Overview of the ear

The ear is a three-chambered sensory organ that functions as an auditoiy system for sound perception and as a vestibular system for balance. Each of the three divisions of the ear, the external ear, middle ear, and internal ear, is an essential part of the auditory system (Fig. 24.1). The external and middle ear collect and conduct sound energy to the internal ear, where auditory sensory receptors convert that energy into electrical impulses. The sensory receptors of the vestibular system are also located in the internal ear. These receptors respond to gravity and movement of the head.

The ear develops from surface ectoderm and components of the first and second pharyngeal arch

Embryologically, the functions of the ear, hearing and balance, are elaborated from an invagination of surface ectoderm that appears on each side of the myelencephalon. This invagination forms the octic vesicle (otocyst), which sinks deep to the surface ectoderm into the underlying mesenchyme (Fig. 24.2). The otic vesicle serves as a pri-mordium for development of the epithelia that line the membranous labyrinth of the internal ear. Later, development of the first and part of the second pharyngeal arch provides structures that augment hearing. The endodermal component of the first pouch gives rise to the tubotym-panic recess, which ultimately develops into the auditoiy tube (Eustachian tube) and the middle ear and its epithelial lining. The corresponding ectodermal outgrowth of the first pharyngeal groove gives rise to the external acoustic meatus and its epithelial lining (see Fig. 24.2). The connective tissue part of the pharyngeal arches produces the ossicles. The malleus and incus develop from the first pharyngeal arch, and the stapes from the second pharyngeal arch. The sensory epithelia of the membranous labyrinth that originates from the otic vesicle link with cranial nerve VIII, which is an outgrowth of the central nervous system. The cartilaginous, bony, and muscular structures of the ear develop from the mesenchyme surrounding these early epithelia.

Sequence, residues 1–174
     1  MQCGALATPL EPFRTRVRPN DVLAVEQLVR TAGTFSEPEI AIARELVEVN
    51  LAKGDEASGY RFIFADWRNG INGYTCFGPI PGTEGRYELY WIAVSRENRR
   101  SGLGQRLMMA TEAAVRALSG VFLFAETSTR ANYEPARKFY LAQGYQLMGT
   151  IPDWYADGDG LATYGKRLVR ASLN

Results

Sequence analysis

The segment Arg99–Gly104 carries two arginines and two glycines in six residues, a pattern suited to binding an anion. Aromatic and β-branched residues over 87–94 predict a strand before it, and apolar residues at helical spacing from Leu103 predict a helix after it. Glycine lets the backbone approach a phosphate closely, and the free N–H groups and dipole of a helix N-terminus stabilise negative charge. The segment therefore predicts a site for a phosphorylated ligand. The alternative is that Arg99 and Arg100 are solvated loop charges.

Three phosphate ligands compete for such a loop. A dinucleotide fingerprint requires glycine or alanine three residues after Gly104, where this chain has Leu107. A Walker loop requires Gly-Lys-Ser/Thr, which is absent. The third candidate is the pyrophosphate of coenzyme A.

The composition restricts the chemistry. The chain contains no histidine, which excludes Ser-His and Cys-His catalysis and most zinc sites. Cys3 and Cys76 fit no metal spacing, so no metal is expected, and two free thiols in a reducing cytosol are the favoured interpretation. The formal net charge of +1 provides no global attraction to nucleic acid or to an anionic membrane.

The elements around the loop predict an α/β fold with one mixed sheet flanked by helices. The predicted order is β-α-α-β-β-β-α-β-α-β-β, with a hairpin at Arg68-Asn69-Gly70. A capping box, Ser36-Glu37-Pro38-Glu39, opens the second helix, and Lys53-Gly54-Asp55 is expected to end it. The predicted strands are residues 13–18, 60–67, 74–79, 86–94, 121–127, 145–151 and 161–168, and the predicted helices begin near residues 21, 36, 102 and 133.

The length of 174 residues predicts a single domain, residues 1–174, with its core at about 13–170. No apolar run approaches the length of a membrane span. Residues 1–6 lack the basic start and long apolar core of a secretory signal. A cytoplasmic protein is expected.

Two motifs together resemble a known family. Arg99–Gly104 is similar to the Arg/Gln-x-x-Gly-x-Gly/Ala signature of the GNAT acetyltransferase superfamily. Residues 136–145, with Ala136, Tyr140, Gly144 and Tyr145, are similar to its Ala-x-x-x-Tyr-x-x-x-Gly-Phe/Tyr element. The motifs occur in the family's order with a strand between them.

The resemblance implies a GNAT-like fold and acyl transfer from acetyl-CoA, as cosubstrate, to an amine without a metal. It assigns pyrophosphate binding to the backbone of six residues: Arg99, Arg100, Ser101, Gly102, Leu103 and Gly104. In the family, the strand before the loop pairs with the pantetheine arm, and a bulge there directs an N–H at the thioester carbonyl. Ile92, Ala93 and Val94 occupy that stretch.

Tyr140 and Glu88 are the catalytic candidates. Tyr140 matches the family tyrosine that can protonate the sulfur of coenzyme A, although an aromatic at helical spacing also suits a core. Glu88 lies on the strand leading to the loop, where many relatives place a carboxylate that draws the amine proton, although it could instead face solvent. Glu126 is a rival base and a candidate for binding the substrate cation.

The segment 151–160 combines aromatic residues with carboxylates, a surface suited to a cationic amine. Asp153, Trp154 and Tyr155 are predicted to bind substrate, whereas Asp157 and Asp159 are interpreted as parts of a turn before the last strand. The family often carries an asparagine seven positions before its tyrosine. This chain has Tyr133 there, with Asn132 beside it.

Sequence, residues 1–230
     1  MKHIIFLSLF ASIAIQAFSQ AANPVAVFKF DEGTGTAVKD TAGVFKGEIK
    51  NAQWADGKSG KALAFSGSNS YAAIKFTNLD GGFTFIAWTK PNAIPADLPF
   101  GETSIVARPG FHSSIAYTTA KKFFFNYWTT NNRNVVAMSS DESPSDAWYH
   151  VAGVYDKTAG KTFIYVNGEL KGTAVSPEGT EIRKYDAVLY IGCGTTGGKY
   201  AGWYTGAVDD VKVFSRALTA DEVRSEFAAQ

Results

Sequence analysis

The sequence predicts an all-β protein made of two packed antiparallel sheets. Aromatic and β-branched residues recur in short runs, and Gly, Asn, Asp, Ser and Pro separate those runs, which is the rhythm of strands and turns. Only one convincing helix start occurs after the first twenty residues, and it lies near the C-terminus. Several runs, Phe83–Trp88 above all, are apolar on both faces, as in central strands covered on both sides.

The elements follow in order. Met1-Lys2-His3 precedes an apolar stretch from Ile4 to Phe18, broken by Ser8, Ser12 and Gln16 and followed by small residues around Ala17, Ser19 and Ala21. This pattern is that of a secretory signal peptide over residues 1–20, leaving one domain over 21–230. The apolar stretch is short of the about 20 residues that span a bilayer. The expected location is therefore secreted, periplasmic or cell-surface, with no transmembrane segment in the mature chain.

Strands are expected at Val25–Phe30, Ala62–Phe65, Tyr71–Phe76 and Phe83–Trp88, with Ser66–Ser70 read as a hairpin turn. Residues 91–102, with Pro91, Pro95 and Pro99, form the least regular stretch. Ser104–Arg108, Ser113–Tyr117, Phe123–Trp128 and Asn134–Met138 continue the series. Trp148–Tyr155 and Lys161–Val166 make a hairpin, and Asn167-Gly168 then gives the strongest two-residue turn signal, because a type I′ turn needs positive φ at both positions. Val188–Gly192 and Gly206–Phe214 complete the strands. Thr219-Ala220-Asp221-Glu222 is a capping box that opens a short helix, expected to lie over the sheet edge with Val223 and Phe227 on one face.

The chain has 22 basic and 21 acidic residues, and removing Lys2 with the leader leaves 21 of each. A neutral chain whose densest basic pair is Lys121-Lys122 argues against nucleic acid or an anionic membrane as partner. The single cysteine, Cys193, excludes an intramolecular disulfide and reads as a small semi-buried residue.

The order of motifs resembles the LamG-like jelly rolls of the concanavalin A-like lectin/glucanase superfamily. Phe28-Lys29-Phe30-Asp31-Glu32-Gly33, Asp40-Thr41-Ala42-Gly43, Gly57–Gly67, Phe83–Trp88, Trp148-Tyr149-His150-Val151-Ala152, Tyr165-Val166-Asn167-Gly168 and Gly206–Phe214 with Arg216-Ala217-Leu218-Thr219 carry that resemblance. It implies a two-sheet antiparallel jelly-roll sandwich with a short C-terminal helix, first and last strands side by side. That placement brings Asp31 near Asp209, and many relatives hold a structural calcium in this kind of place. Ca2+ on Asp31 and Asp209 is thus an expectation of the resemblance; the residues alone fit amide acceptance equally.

auricle semicircular canals vestibule semicircular canals vestibule

vestibulocochlear nerve internal acoustic meatus auricle

0 0

Post a comment